Tamas E. Doszkocs
National Library of Medicine
Bethesda, Maryland, USA
Keywords: Artificial Neural Networks, Connectionist Models, Parallel Distri- buted Processing, Intelligent Information Retrieval, Associative Processing, Machine Learning, Library and Information Technologies.
Historically, even the most imaginative library automation efforts have suffered from the fundamental limitation of traditional information processing approaches, namely their inability to manifest human-like behavior, such as learning, intelligence, adaptation and self-improve-
ment over time in response to changes in and interaction with their environment.
From the earliest days of computing, many researchers, from computer scientists and neurophysiologists to librarians and philosophers, have been interested in creating computers that mimic human behavior and excellence in handling perceptual and cognitive tasks that are easily accomplished by people, including young children, yet are handled clumsily, if at all, by conventional computing techniques. Familiar examples include recognizing faces, learning one's native tongue or a foreign language, and recalling complete information from fragmen-tary clues. Such basic capabilities have been the goal of artificial neural networks, also known as "connectionist models," and "parallel distributed processing".
In a 1990 survey, (Doszkocs, Reggia, & Lin, 1990) described emerging R & D applica-tions of neural network technology in library settings.
2. ARTIFICIAL neural networks
Artificial neural networks represent a general computational methodology with a radically different approach to dealing with information. These types of systems accomplish processing through their information structure rather than explicit computer programming and manipula-tion of data. In a sense, von Neumann processing is procedural, while neural network processing is intuitive, much like the difference between logical thinking vs the coordination of complex bodily movements, such as in humming a favorite tune while preparing Hungarian goulash.
As shown in Figures 1 and 2, an artificial neural
network superficially resembles a
grossly simplified model of the network of biological neurons in the human brain (Wasserman, 1989). The three main components of a typical connectionist model are:
1. The network, a set of simple processing elements (nodes) connected together via directed (and weighted) links. Each processing element receives and sums a set of inputs, resulting in a specific activation level, and produces a single output, which may be passed on to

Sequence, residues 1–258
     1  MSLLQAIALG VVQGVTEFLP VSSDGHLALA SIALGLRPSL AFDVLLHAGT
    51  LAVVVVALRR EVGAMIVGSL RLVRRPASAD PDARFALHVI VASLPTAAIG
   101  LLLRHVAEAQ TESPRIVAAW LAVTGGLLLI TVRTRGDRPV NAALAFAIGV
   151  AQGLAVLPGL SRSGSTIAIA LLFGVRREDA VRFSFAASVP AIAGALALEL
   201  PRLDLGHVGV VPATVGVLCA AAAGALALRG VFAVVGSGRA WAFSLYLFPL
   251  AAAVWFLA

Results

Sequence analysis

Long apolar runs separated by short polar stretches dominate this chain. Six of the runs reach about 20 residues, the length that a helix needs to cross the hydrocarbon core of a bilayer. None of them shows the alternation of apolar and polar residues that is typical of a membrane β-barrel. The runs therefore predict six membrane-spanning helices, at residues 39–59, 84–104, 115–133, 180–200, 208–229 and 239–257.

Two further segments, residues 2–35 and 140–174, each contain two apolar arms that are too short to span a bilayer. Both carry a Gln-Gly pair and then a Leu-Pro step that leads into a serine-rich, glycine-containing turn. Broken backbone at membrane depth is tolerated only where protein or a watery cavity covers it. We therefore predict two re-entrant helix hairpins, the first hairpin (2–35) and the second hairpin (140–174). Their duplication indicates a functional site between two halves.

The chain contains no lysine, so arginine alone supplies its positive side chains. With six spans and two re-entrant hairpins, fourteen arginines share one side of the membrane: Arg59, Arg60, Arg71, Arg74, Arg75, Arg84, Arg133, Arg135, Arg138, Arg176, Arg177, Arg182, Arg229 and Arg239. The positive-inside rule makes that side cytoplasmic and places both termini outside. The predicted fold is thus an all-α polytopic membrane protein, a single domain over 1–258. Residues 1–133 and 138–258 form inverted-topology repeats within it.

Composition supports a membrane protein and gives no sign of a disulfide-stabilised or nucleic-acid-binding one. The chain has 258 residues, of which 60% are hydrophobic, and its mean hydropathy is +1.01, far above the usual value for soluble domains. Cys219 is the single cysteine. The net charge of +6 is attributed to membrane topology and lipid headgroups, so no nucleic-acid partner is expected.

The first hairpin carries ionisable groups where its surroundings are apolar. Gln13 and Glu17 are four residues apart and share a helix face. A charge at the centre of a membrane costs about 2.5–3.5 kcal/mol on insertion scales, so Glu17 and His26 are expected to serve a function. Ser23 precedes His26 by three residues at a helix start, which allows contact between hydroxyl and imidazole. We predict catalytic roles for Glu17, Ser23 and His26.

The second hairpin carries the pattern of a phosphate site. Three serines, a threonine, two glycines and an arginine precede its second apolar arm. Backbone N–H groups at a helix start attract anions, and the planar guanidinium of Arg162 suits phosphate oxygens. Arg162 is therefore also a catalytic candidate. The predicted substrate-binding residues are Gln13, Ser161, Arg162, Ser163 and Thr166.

neighboring nodes through the links. The links may denote different things depending on the intent of the model, and the weights determine whether the activation of a node increases, decreases or remains unchanged after inputs are received.
2. The activation rule, a local action that each node simultaneously carries out in updating its activation level following input from neighboring nodes. It is important to note that massive parallelism is involved as activation spreads through the network.
3. The learning rule (or adaptation rule), which means any change that occurs in the behavior of the model over time. A learning rule describes how the weights should be altered on the links depending on the current weight value and the activations of the nodes to which it connects. Typically, connections are strengthened between elements of the network that are simultaneously active.
Learning is a crucial ability of neural networks. Supervised learning ("teaching by doing") implies that the network is trained by presenting to it examples of input and desired output from a training set. After a (possibly very large) number of iterations, the network will be trained and is able to accept new input and produce the desired (expected) output. An exam-ple is NETtalk (Sejnowski & Rosenberg, 1987), a connectionist model that learns to read
printed text aloud. Unsupervised learning ("self teaching") means that the neural network can automatically detect regularities in input patterns and is able to group patterns with similar structure into the same category. Computer vision and image processing applications are typi-cal examples. Reinforcement Learning ("teaching by critiquing or feedback") is useful when the full set of desired outputs is unavailable or not fully specified but the human "teacher" of the system can provide reinforcement signals of "good" vs "bad" to guide to neural net's weight adjustments, e.g. in machine translation.
Artificial neural networks have three very important additional capabilities:
(a) generalization, i.e. being able to accommodate variations in input and still be able to produce the correct output. An object can be recognized even when the system has never seen the same exact object before or if only partial input or partly erroneous input is available;
(b) abstraction, i.e.being able to abstract the "ideal" from a non-ideal training set and form an internal representation of the training set's salient features. For instance, a neural network can be trained with less than perfect character shapes and can then produce the "ideal" letter A or B or C etc.. It can also "separate the sheep from the goats", as in distinguishing documents on crisis management from those on management crisis, or management by crisis and crisis by management, unlike most Boolean keyword search systems;
(c) parallelism, i.e. all processing elements acting upon the information simultaneously thus achieving very high execution speeds (Stanfill 1986).
Neural networks are self processing in that no external program operates on the net-work. The network literally shapes and dynamically reorganizes itself, with "intelligent behavior" emerging from the local interactions that occur between the numerous components through their complex interconnections in response to external inputs.